A niche blog dedicated to the issues that arise when supplementary protection certificates (SPCs) extend patents beyond their normal life -- and to the respective positions of patent owners, investors, competitors and consumers. The blog also addresses wider issues that may be of interest or use to those involved in the extension of patent rights. You can email The SPC Blog here

Wednesday 16 March 2011

Hogan Lovells v Bayer comes under Bonadio's microscope

"Supplementary Protection Certificates for Plant Protection Products and Provisional Marketing Authorization: The ECJ’s Decision in Lovells v. Bayer" is the title of a four-page case note by Enrico Bonadio (an enthusiastic and talented young lecturer at the City University, London) on the recent ruling of the Court of Justice in Case C-229/09 Hogan Lovells International LLP v Bayer CropScience AG (noted here by The SPC Blog).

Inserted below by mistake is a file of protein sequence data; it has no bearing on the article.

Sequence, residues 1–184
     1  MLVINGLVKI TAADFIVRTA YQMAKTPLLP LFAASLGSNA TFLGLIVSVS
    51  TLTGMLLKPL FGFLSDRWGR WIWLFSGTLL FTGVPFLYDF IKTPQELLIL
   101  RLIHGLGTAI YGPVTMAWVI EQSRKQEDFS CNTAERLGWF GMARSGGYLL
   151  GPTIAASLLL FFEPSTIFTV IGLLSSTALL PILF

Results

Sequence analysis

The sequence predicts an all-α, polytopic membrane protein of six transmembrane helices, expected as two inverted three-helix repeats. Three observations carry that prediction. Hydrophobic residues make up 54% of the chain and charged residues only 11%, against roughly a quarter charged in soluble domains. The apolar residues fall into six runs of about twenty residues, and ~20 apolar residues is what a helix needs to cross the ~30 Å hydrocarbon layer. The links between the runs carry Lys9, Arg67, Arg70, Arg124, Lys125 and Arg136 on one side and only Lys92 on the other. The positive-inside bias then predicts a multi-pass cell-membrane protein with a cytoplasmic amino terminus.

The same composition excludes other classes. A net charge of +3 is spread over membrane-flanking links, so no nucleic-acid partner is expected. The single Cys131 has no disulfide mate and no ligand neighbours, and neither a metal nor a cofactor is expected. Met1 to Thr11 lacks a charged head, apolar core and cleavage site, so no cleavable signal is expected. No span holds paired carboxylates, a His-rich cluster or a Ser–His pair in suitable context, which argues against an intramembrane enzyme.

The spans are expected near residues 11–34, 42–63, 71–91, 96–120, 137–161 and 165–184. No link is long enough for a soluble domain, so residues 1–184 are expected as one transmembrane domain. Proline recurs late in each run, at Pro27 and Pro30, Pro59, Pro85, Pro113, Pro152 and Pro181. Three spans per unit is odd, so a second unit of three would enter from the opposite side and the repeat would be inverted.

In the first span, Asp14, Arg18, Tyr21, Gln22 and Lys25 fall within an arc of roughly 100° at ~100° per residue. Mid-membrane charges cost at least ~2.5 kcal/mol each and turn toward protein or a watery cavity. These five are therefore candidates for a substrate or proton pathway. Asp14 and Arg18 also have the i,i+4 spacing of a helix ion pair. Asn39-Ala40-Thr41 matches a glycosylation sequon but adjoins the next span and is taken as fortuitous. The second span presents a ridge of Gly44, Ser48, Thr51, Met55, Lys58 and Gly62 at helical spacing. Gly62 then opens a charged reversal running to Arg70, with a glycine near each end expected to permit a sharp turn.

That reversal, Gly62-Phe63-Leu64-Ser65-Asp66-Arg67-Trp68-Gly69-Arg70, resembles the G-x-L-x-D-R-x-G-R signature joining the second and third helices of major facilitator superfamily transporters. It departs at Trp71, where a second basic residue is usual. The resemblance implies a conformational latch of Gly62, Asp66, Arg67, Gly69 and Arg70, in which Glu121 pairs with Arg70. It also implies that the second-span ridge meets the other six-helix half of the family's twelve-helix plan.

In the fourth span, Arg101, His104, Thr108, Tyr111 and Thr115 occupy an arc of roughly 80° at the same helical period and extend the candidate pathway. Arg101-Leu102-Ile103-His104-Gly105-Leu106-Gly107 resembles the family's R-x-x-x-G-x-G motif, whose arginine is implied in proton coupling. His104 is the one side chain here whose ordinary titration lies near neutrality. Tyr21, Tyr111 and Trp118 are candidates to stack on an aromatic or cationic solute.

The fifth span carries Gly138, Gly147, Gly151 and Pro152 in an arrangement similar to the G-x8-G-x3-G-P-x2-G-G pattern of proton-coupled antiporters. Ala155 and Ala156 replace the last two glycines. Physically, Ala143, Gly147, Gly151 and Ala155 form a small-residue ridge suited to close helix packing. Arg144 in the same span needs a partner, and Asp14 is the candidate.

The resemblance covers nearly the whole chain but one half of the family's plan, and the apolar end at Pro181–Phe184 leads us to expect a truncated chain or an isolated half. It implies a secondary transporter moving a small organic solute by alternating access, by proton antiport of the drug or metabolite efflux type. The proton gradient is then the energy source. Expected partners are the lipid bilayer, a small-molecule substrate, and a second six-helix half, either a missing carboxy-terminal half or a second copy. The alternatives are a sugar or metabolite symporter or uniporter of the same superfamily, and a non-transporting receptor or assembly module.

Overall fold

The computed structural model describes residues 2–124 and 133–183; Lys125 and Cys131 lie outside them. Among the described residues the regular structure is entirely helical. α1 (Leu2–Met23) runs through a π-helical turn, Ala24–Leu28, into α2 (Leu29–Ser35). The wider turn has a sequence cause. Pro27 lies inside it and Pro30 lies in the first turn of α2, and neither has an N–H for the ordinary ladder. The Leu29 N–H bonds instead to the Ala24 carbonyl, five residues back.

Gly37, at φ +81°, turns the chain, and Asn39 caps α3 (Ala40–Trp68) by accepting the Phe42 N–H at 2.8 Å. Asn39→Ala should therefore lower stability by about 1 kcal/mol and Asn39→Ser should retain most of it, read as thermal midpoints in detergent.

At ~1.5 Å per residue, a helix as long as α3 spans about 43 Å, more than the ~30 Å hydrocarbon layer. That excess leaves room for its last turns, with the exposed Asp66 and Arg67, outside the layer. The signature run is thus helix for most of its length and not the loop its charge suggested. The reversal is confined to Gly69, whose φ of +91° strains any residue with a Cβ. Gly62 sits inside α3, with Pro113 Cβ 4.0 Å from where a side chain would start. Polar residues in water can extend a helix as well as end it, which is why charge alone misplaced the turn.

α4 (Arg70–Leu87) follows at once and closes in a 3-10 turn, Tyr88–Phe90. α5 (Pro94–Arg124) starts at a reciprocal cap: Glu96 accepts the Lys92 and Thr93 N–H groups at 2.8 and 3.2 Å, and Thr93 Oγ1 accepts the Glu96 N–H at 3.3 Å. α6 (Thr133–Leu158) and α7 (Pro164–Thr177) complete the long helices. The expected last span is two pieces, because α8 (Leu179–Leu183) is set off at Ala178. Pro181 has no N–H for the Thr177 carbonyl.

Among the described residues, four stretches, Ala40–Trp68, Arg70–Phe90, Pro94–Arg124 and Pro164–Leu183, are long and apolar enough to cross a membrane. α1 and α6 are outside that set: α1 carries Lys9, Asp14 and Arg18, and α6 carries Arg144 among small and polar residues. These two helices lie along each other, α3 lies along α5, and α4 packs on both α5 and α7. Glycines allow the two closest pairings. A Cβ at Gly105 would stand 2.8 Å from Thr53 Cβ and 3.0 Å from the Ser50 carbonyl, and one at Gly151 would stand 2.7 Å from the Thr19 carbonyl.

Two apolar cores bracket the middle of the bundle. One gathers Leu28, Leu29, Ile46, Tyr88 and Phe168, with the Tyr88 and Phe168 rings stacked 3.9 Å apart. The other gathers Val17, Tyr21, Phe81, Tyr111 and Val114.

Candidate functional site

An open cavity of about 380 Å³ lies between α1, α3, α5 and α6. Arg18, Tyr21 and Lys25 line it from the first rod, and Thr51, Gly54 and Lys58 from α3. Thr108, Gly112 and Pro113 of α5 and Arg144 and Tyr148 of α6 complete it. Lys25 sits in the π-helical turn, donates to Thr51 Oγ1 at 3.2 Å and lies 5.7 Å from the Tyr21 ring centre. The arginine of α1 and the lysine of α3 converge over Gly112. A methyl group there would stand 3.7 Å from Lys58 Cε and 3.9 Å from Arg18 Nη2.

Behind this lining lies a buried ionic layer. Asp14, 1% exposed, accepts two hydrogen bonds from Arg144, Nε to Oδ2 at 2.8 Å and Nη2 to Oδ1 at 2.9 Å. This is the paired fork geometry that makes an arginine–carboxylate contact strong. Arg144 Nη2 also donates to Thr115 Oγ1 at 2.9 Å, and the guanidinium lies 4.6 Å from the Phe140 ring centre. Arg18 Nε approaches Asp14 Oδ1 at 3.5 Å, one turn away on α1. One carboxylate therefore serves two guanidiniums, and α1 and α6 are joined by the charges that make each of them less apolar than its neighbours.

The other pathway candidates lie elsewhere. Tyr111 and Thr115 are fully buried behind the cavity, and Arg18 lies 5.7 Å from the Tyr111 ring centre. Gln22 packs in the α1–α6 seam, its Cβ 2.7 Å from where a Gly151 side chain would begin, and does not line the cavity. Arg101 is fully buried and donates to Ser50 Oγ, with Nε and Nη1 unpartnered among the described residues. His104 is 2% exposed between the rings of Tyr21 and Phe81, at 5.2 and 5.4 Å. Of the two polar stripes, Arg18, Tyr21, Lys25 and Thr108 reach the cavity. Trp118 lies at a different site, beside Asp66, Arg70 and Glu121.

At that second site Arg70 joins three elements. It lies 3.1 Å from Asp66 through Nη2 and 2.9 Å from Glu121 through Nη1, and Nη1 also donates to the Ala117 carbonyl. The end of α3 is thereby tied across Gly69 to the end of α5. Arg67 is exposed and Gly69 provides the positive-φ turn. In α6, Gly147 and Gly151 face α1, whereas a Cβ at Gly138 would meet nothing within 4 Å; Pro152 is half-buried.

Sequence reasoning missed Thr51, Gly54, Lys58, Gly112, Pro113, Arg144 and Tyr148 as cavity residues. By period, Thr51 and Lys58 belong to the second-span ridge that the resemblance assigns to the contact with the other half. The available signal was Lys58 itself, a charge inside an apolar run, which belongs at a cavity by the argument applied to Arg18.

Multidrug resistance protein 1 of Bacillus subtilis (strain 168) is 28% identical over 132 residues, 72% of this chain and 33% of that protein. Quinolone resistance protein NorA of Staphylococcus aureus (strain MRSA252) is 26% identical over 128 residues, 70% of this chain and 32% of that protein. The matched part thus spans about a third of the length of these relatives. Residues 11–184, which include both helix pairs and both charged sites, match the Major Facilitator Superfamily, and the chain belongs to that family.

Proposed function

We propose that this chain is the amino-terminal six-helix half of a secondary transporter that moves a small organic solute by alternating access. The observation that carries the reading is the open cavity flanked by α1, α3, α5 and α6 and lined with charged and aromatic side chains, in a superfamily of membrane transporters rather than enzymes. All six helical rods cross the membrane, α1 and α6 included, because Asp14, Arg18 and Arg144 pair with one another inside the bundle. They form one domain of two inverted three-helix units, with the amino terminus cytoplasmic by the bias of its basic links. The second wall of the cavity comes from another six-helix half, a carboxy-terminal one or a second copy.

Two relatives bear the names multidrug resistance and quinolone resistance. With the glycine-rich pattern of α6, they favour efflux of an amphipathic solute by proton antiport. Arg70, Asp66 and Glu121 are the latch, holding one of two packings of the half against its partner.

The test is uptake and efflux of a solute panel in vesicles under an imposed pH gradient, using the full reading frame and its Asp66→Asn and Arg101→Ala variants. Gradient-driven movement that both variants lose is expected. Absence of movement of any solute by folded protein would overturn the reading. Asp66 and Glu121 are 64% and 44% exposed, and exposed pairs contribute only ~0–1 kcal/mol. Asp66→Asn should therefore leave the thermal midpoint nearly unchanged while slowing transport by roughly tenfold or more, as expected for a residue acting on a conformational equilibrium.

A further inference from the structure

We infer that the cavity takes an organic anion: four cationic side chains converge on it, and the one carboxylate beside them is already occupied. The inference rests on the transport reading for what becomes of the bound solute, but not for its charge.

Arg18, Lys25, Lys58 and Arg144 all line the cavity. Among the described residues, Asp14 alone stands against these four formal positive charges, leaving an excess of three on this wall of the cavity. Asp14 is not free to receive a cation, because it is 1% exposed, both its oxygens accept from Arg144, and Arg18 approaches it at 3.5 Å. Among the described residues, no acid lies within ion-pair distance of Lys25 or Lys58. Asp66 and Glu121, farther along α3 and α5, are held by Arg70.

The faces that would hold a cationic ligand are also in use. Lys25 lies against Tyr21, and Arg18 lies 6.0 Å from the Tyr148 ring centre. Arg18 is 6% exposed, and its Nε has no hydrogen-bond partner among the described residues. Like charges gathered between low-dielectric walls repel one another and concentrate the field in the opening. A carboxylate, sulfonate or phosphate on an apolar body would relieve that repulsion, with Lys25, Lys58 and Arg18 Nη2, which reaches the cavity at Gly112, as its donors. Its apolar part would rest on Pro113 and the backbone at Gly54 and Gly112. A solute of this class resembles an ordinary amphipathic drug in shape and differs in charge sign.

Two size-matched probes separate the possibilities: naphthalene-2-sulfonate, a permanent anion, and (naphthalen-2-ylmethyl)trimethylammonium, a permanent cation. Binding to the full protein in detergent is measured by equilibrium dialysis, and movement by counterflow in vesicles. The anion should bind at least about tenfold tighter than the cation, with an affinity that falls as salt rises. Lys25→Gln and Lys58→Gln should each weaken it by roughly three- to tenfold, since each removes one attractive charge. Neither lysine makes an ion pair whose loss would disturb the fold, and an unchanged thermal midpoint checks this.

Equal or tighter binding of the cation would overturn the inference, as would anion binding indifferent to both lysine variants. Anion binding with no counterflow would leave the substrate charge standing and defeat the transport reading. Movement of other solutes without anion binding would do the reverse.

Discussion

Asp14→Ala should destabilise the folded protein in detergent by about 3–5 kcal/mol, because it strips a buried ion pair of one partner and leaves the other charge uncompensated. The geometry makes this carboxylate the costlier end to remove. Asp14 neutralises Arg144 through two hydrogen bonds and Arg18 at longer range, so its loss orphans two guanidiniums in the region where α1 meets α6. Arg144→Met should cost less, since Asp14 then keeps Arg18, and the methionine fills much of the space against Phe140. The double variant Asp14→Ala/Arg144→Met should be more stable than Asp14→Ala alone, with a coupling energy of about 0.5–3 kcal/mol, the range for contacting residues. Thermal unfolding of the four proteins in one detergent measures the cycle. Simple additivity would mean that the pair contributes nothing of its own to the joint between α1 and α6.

This note is published in issue 1 for 2011 of the European Journal of Risk Regulation (EJRR) at pp 115-118. In its concluding passage Enrico writes:
"... it iseasy to understand why the ECJ has not interpreted Article 3(1)(b) Regulation 1610/96 as prohibiting the issue of SPCs on the basis of provisional authorizations only. Indeed, any such interpretation would have had dangerous spill-over effects, i.e. beyond the specific issue of the invalidity of the SPC in Lovells v Bayer. For example, most SPCs in the EU – having been granted on the basis of provisional approvals – could have been invalidated upon the request of anyone: and this would have entailed serious economic consequences for the plant protection industry that relies so heavily on patent protection and particularly on SPCs".
Over the years there have been too few academic scholars taking an interest in the legal rather than the commercial side to patent extension issues. This blog welcomes Enrico's interest and hopes that it will continue to grow.

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